sober critics from speaking of Blake's Although this is the side of his cha- poems in the somewhat extravagant racter which first fixes our attention, terms adopted by Mr. Rossetti and by Blake was, after all, not a mere visionary, Mr. Gilchrist, there is a power and an but had a sharp, observing eye for ex- originality in his style which cannot be ternal nature, and understood perfectly overlooked, especially when we rememthat no one can draw visions well un- ber the date to which most of the poems less he can first draw real things well. belong. He drew well and easily, and he had a One of the most curious studies in quick and clear insight into character. criticism concerns the rise and fall of At the age of fourteen his father proposed Pope's poetical ascendancy in the last to bind him as an apprentice to Ryland, century. So much has been written the engraver. “Father," he said, “I do upon this theme that it may seem to be not like the man's face ; he will live to now exhausted ; but the truth is, that be hanged.” And twelve years after we are not yet in full possession of the wards Ryland actually was hanged. He facts that would enable us to trace with was bound apprentice to Busire, the perfect accuracy the movement either of engraver, and worked hard under him flow or of ebb. In the middle of last till he was twenty-one years of age. Then century we find Pope enthroned in our he studied in the newly-formed Royal literature with imperial power. So far Academy, and began to make original as we can trace, the first conscious or designs, some like those of his friend critical lapsing from his authority—the Stothard, to illustrate books. At the first open treason-- is to be found in a same time he was cultivating poetry, work published in 1787 by a young When he was yet fourteen, indeed, he man of twenty-two. Henry Headley, threw off verses of no mean merit, of Trinity College, Oxford, then gave and thenceforward he wrote what, for to the world a book of beauties, which the time, we must consider very re- he entitled, “Select Beauties of Ancient markable poems, though, regarding his English Poets, with Remarks.” Among poetical works as a whole, we cannot these remarks will be found a most share Mr. Gilchrist's surprise that Blake determined protest against the influence is little known as an English poet. For of Pope. He tells us that the translathe most part his poems are wanting in tion of Homer, timed as it was, operated form, or they are difficult to understand, like an inundation on our literature; or the sentiment which they convey is that the consequences which have ensued out of all proportion to the world of fact. from the sway of Pope have been full We cannot without long quotations, of harm ; that “in proportion as his which no one would much care to read, 6 works were read and the dazzle of his show the formlessness and the obscurity “ diction admired, proselytes, who would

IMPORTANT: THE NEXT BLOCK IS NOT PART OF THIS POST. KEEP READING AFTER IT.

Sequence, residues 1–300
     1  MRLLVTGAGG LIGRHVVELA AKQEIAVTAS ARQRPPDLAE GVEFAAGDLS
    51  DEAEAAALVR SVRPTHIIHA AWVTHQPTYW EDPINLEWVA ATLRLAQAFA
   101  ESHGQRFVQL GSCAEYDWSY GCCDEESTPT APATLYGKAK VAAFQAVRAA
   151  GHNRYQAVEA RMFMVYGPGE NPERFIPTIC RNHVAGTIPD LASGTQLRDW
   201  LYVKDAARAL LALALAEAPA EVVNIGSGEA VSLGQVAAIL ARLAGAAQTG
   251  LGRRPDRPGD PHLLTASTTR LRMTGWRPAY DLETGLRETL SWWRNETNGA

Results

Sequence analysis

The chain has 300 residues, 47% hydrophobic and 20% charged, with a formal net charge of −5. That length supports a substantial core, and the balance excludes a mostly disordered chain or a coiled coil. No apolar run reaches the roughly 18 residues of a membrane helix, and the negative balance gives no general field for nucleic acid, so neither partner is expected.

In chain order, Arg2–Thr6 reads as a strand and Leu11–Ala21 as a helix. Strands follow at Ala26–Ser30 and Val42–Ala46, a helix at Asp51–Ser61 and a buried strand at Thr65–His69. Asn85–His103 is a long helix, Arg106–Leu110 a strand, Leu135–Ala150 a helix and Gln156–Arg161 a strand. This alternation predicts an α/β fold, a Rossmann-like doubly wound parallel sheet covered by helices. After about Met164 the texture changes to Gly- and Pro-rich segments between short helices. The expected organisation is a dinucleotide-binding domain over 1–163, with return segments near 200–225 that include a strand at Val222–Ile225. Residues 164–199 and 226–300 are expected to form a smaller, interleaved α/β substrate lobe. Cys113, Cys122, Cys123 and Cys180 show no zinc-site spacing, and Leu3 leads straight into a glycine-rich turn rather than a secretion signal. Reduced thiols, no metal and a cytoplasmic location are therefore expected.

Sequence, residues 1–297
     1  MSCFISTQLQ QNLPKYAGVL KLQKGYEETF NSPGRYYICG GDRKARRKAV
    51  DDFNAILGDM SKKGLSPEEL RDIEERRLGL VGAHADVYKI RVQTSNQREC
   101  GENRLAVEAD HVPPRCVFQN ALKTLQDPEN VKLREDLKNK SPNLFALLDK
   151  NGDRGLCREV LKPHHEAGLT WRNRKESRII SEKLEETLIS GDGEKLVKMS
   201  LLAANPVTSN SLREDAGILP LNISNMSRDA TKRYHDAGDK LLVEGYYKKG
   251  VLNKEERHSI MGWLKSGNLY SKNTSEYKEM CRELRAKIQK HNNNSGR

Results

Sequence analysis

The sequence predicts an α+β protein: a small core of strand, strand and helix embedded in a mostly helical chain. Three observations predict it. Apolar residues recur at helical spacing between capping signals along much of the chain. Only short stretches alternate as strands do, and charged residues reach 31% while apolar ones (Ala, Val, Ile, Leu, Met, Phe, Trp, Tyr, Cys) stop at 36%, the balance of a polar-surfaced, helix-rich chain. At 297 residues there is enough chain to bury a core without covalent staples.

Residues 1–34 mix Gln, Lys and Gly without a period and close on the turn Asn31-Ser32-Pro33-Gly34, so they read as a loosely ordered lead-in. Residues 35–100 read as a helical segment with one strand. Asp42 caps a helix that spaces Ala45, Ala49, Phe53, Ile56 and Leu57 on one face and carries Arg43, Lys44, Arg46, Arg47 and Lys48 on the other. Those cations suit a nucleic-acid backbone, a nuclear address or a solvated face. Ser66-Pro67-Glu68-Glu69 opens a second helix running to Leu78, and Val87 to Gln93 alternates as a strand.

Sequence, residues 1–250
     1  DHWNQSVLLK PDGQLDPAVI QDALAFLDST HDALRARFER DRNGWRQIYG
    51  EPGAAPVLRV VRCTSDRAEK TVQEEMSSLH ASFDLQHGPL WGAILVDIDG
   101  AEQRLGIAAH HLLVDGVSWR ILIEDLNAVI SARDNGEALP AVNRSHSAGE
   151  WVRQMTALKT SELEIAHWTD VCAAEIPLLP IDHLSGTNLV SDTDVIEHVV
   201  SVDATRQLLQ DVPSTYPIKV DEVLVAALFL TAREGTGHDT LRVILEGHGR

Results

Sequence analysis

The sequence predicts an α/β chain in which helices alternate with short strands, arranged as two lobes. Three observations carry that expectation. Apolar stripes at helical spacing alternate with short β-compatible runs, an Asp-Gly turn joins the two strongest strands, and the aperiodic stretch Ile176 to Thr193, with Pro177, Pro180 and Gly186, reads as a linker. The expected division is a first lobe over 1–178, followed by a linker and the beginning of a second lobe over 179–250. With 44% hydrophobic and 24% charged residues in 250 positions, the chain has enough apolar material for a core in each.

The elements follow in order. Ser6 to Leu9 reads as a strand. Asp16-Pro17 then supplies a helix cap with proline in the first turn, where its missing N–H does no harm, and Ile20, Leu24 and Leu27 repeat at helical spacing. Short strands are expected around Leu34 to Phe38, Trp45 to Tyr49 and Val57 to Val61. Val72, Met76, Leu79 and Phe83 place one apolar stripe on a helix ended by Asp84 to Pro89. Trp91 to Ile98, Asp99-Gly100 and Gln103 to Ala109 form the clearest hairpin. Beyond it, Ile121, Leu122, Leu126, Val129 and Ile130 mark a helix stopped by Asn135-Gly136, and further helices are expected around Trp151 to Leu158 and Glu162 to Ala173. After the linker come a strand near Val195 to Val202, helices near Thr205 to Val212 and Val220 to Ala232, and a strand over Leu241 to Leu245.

“ not originally have been scribblers in the comparison many fresh times before 66 verse, were gained, and the art of we can quite make up our minds. In “ tagging smooth couplets, without any this case we start back with astonish“ reference to the character of a poet, ment from the conclusion that “the “ became an almost indispensable requi- grand old ballad of Sir Patrick Spens” “ site in a fashionable education ;" that is a veritable product of Pope's own hence arose “a spurious taste” which day and generation. Yet Mr. Chambers “ reprobated and set at defiance our has made out a strong case in favour of older masters ;” and that “to cull that conclusion. And if in accordance “ words, vary pauses, adjust accents, with this theory it should in the end “ diversify cadence, and by, as it were, prove that some of the best ballads in 66 balancing the line, make the first part Percy—those which secured for his of it betray the second,” had become three volumes their chief influencethe chief accomplishment of an age were produced in Scotland at the very whose poetical art seemed to consist time when Pope was in England entirely “of a suite of traditional elaborating his style and establishing “ imagery, hereditary similes, readiness his supremacy, it will then follow that “ of rhyme, and volubility of syllables.” the seeds of the revolt against the EngBut the revolt thus openly proclaimed lish poet were being sown at the very by the daring young critic, in 1787, same time when his authority began to had for some time been secretly fer- be planted in the hearts of the people. menting, and it is common in this con Parallel with the movement of poetry nexion to fix upon the publication of in England there began a movement of Percy's “Reliques,” in 1765, as the first poetry in Scotland. Nothing could be distinct sign of a change. Now it is more splendid or self-asserting than the universally allowed that the most remark- beginnings of the former; nothing more able specimens in Percy, of what may be humble and retiring than the beginnings termed ballad-thinking, are of Scottish of the latter. But ere long the influence origin; and Mr. Robert Chambers, in a of the unpretending crept into the dorecent tract which has not received the main of pretentious song, grew there attention it deserves, attempts to make into favour, at length overthrew the good the position that these famed giant, and great was the downfall. Scottish ballads are by no means of Now Blake asserted his originality at such ancient origin as Percy imagined; a time when it was an extraordinary that, in fact, they were produced in the merit to do so-—when as yet the ballad early part of last century. We have style which Percy favoured had not not yet examined into this question so thoroughly told upon the public ear. closely as to be able to give a decisive Blake was eight years of age when, in answer to it, and we reserve to our- 1765 (Mr. Gilchrist is wrong in the date selves the right of hereafter rejecting 1760), Percy published his ballads, and Mr. Chambers's theory; but in the he began to write in his eleventh year. meantime we cannot help thinking that His poems show a remarkable precocity, he has made out a fair case for inquiry. that does not suffer by comparison with The great difficulty of the question the similar precocity of Chatterton, who depends on the nature of the evidence was but four years ahead of him in age. which has to be weighed. It turns By the year 1770 Chatterton had done almost wholly on the delicacies of style his work and died at the age of sevenand other points of internal evidence, teen. His younger compeer had begun which no cautious critic will care to to compose two years before, and had decide off-hand. To detect and follow produced some strains which, for his out resemblances is always a very age, are quite wonderful. The following ticklish task. The resemblance which piece was written certainly before the strikes us to-day we cannot see to boy was fourteen, and shows a rare morrow, and it is necessary to approach precocity :